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“When you put so much of yourself and your time into something, it’s hard to separate it from who you are.” ~ Julia Rothman, Brain Pickings
The Book of Understanding was the first book I read by Osho. I was sitting on an airplane several thousand feet above ground with no internet connection when I first opened the cover. It was unusual for me because I don’t normally read in any kind of moving environment (I get pretty intense motion sickness) and because I normally take notes online as I read.
Feeling peculiarly drawn to this book (and despite being in a moving aircraft), I figured I would use my phone’s notepad app to take notes and would start the book anyway. It worked out great. That is, until I got to page 2.
I firmly believe that the only real way to reach your full potential in life is to continually step outside of your comfort zone and to do that which you fear you may ‘mess up’ doing. The kind of thing that gives you ‘butterfly’s’ and makes you feel anxious and nervous. The kind of thing that would keep you up all night the day before because you can’t stop thinking about it and how it’s going to go down.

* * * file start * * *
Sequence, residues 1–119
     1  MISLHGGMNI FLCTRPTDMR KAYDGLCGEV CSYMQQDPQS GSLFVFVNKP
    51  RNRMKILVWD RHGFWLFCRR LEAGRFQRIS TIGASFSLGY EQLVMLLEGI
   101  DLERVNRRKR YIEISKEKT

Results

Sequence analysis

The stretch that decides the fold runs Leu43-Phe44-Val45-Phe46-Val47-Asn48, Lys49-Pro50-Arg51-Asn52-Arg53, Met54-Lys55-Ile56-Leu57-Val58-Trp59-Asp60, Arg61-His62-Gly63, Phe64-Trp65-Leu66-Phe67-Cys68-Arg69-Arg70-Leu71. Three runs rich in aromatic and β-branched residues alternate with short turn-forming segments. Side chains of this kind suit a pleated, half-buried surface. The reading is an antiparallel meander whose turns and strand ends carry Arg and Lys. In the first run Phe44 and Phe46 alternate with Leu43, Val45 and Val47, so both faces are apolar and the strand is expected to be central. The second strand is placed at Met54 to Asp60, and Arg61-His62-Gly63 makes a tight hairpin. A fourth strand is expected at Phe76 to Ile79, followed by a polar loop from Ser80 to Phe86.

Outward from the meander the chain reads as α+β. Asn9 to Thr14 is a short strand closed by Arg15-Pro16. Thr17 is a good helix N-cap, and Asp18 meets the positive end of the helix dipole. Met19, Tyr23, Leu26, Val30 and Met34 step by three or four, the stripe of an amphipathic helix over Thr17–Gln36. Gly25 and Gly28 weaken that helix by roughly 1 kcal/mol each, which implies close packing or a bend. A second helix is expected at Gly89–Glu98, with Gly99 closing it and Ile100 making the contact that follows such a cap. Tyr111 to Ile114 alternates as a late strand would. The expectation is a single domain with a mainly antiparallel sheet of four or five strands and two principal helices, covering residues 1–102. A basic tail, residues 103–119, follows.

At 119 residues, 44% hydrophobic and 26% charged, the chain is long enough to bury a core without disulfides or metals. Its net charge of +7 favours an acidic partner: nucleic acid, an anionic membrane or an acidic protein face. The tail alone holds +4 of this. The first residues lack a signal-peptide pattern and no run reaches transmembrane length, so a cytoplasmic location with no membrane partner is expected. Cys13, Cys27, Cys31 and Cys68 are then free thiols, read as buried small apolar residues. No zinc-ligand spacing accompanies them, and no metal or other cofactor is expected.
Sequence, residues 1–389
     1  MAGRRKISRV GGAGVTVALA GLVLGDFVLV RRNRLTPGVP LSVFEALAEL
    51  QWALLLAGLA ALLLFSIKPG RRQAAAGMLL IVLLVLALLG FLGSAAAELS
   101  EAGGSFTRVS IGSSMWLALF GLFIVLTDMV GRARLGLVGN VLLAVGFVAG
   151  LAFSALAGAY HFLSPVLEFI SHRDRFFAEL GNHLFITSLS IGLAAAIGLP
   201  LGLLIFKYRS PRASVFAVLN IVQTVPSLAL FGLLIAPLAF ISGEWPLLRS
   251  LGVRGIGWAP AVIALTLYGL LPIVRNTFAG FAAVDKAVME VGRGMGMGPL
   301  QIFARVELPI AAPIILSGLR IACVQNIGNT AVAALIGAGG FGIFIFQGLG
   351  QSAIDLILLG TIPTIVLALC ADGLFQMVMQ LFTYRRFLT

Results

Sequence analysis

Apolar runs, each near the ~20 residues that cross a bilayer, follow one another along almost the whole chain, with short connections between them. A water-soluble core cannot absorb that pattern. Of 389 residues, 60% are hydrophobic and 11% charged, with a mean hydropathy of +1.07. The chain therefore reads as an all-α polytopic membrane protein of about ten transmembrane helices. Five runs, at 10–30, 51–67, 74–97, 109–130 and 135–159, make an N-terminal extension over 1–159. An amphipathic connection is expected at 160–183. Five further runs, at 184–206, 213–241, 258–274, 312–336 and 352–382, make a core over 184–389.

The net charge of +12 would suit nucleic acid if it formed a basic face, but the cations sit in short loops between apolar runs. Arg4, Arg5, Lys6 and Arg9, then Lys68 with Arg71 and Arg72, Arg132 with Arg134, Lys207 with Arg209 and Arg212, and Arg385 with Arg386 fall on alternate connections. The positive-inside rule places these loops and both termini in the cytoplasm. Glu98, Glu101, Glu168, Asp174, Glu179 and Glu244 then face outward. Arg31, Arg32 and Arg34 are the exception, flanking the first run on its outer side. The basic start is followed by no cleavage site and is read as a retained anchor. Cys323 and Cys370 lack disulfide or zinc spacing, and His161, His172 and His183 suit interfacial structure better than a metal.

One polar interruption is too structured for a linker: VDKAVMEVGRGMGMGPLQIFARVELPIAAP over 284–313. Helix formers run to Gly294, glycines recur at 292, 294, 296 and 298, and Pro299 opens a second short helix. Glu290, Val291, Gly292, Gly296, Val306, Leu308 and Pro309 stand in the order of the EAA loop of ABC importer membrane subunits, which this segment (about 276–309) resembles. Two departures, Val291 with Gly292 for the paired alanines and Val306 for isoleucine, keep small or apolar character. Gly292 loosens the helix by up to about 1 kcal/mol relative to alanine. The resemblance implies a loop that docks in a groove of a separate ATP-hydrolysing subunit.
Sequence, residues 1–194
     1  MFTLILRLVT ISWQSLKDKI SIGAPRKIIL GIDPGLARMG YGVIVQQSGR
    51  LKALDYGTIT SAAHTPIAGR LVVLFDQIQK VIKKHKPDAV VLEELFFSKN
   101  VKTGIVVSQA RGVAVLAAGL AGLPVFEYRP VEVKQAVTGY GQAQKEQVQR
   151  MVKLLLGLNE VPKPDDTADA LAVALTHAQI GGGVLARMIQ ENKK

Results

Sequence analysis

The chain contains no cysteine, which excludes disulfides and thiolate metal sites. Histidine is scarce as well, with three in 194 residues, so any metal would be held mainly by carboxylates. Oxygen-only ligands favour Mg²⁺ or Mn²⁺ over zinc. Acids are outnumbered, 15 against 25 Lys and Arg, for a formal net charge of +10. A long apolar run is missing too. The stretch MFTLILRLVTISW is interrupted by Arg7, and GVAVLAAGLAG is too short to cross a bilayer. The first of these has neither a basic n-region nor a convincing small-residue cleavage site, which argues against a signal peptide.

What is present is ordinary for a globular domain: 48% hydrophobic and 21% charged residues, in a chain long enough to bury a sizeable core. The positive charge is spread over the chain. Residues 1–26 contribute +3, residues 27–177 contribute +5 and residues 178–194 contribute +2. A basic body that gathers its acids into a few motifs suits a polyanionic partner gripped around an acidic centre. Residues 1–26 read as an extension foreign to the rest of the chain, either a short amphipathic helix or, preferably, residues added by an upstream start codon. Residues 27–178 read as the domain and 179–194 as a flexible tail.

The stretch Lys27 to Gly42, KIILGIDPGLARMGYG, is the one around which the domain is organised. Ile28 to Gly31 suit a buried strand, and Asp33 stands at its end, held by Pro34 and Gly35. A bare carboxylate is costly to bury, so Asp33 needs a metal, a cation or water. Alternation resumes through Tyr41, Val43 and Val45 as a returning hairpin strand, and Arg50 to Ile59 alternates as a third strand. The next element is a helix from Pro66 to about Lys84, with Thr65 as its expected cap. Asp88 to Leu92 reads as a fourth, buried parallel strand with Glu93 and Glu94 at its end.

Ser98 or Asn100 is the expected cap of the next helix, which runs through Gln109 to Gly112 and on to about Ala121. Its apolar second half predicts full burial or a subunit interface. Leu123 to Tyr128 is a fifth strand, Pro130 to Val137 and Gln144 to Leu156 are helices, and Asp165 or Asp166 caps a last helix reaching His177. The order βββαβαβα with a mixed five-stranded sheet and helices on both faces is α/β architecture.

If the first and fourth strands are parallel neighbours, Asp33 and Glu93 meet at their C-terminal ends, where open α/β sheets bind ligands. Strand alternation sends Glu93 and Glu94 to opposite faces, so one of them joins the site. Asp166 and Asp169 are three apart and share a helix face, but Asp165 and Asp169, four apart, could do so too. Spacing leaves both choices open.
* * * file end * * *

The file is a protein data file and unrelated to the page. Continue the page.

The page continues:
I’m talking about the moments when you have the opportunity to speak about, produce, or perform something that you are passionate about in a setting that is a little over your head (Key words: a little). These are the moments when you have a real opportunity to see what you’re made of. And what’s great about capitalizing on situations like this, is that regardless of how you perform or how things end up, something can always be learned. Continue reading
“Each of us feels some aspect of the world’s suffering acutely. And we must pay attention. We must act. This little corner of the world is ours to transform. This little corner of the world is ours to save.” ~ Stephen Cope, The Great Work of Your Life
“When we’re always thinking about me, myself and I, we become quickly dissatisfied. Maybe it’s too much time spent with unproductive thoughts or a lack of connectedness, but this self-absorption can quickly bring us down. The surest way to stop thinking about yourself is to start thinking about someone else. When you do something for someone else—out of love, compassion or connectedness—not obligation, you might find you’ve forgotten your troubles, and life actually feels fuller, more meaningful.” ~ Meghan Camp, Tiny Buddha
“One of the main reasons people feel dissatisfaction with their life is because they’re missing it. When we’re not present, we become a little numb.” ~ Meghan Camp, Tiny Buddha
“Making one person the only source of love does not work because love is in everything and everyone. When we miss that, we miss the point of life. Really.” ~ Banu Sekendur, Tiny Buddha